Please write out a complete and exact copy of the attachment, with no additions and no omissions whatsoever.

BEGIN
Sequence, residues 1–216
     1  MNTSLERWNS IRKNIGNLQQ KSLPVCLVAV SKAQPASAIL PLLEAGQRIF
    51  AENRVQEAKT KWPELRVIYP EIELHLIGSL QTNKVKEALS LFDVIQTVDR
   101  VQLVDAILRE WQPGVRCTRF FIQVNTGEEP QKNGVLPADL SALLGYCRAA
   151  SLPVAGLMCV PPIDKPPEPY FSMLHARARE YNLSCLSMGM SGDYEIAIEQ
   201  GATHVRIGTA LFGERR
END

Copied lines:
Sequence, residues 1–216
     1  MNTSLERWNS IRKNIGNLQQ KSLPVCLVAV SKAQPASAIL PLLEAGQRIF
    51  AENRVQEAKT KWPELRVIYP EIELHLIGSL QTNKVKEALS LFDVIQTVDR
   101  VQLVDAILRE WQPGVRCTRF FIQVNTGEEP QKNGVLPADL SALLGYCRAA
   151  SLPVAGLMCV PPIDKPPEPY FSMLHARARE YNLSCLSMGM SGDYEIAIEQ
   201  GATHVRIGTA LFGERR